I managed to pick up enough math over the years to lose at blackjack, poker and stocks, enough to know that when Lenny Dykstra started paying bills out of son Cutter's Milwaukee bonus money, he was probably way beyond broke.
On one hand, the NFL is the giant goose of professional sports, laying golden eggs on command. But the roosters want a bigger share of the roost, better working conditions, more chickenfeed. The NFL wants to keep a traditional jackboot on the necks of the serfs, to limit further inroads by a historically weak players union.
But, they'll be playing football. The TV networks hold the hammer. Nobody inflicts a stoppage where so many billions are at risk, no matter how deep the owners' war chest or how many minor league games they can deliver to a public that is not easily duped. The 24-day strike in 1987 resulted in the loss of one regular-season game, the playing of three games featuring replacements and a 20 percent drop in TV revenue. A similar hit this time would produce losses neither side is willing to swallow.
My math skills are also sharp enough to know that more than half the NBA teams are losing money, some faster than it can be printed, thanks to unsustainable payrolls, salary-cap strangulation and the league's declining popularity. Too many teams have become faceless and starless.
The Sixers were a joy to watch when they had Doc and Moses and Mo and Bobby, players who even with the passage of time need no last-name reminders. A fan who shot quality photos from his courtside seat during that era sent me hundreds of classics. Viewing those photos of Chocolate Thunder, Darryl Dawkins, head high to the rim with mere mortals clinging to his tree-limb arms, about to throw down a mighty slam, gives me chills. Doc floating on one of those baseline drives where he seemed to drift through traffic like a snowflake . . . Bobby Jones finishing after a steal and court-length breakaway . . . Moses Malone shedding bodies with the ball held high over his head after an explosive rebound.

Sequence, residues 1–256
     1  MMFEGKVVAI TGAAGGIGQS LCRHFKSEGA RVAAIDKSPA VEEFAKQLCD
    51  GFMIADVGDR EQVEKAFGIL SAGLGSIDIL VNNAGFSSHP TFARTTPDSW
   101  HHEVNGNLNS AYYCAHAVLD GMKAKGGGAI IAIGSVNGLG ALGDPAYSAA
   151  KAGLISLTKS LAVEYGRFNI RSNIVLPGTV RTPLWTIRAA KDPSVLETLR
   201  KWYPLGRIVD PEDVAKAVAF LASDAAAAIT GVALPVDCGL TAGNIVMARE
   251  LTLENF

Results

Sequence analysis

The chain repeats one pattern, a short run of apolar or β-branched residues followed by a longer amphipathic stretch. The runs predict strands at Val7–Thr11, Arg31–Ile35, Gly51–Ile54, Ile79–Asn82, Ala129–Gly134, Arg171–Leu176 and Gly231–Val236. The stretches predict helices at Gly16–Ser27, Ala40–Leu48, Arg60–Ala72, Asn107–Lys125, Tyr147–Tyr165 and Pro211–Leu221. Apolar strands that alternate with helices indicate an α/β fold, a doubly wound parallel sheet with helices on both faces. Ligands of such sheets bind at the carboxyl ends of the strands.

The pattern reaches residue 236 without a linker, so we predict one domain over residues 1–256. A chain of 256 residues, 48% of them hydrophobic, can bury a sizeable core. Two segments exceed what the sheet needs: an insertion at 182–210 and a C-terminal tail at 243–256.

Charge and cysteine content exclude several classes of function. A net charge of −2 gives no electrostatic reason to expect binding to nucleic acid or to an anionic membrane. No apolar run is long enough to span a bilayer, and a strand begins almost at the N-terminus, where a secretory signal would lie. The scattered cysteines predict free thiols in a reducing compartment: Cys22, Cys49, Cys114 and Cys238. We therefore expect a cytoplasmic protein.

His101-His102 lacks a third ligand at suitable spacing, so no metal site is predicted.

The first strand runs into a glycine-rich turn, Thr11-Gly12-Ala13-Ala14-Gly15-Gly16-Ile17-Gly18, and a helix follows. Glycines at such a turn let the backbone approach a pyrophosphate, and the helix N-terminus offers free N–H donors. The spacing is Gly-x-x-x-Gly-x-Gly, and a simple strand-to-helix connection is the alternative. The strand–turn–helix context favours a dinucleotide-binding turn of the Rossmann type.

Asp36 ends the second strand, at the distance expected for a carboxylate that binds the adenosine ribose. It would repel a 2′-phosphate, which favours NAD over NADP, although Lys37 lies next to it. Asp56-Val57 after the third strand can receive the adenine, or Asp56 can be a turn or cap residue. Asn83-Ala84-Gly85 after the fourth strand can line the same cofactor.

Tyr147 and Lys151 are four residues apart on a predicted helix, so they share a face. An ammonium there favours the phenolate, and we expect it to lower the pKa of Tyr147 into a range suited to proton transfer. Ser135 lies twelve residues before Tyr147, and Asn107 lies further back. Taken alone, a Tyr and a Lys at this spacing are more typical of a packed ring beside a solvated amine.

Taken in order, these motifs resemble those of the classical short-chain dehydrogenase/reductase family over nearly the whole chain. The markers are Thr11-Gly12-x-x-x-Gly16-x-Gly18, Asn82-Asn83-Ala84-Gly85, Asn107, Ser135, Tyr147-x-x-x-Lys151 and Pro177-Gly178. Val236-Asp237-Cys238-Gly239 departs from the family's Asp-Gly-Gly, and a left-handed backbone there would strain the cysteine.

Right now, the NBA is a handful of teams dominated by ego-tripping superstars who play within their own stylized universes.
LeBron . . .
Kobe . . .
Carmelo . . .
The usual suspects.
Everybody else is the Washington Generals, punching bags for the inevitable showdown between the Heat and the Lakers or Mavericks. So, if you're not addicted to the gritty, well-coached but basically middle-rung Sixers, you poke through the embers of the interminable NBA season and seek out players whose styles would have worked back when the league was exciting and interesting: Teuton Tower Dirk Nowitzke, old-school guard Jameer Nelson, Paul Pierce and a fading Celtics lineup that has been around forever.
After baseball began to deal with free agency, Charlie Finley had a suggestion on how to keep salaries from escalating each year: Give 1-year contracts only and let everybody be a free agent after the season. "The Yankees could only sign so many," the A's owner reasoned.
Trouble is, the NBA's megacontracts stretch almost to infinity. The lockout might stretch almost as far. So enjoy the Big 5 team of your choice.
When I'm King of the World . . .
The All-Star Game Home Run Derby will decide the World Series homefield advantage . . . Why put something that important in the hands of a lot of guys who might care less. I love the idea of the defending champions - in this case, the AL's David Ortiz and NL's Prince Fielder - being captains and selecting the remaining three com-bat-ants from each league. The only thing lacking from a real longball joust in the best medieval tradition is chain-mail armor and a Lady Fair to award her garter to the winner.
Major league home-run leader Jose Bautista made the Americans the immediate favorite when he accepted Big Papi's invitation yesterday. The Blue Jays third baseman launched two epic bombs off Roy Halladay and Cliff Lee over the weekend. He is not a big guy in the Steroid Era mold, but has an incredibly big swing. He's a threat to hit 50-plus again . . . This is guaranteed to be the hottest All-Star Game since the 1966 inferno in St. Louis, when it hit 140 degrees on the turf. It was 104 outside Busch Stadium. July temperatures in Phoenix routinely hit 110 plus. But it's a dry heat - not. I assume the roof will be closed.
Thanks to the nimble fingers of Phillies Nation, Shane Victorino appears to be a lock to win his second straight Final Vote All-Star Game selection. He has been Charlie Manuel's position-player MVP the first half.
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